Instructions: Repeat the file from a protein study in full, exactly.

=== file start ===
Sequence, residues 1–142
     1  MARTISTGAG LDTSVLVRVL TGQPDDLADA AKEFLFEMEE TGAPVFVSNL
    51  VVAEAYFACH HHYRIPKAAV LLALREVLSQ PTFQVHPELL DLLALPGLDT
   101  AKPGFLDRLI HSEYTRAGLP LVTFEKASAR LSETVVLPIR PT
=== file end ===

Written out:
Sequence, residues 1–142
     1  MARTISTGAG LDTSVLVRVL TGQPDDLADA AKEFLFEMEE TGAPVFVSNL
    51  VVAEAYFACH HHYRIPKAAV LLALREVLSQ PTFQVHPELL DLLALPGLDT
   101  AKPGFLDRLI HSEYTRAGLP LVTFEKASAR LSETVVLPIR PT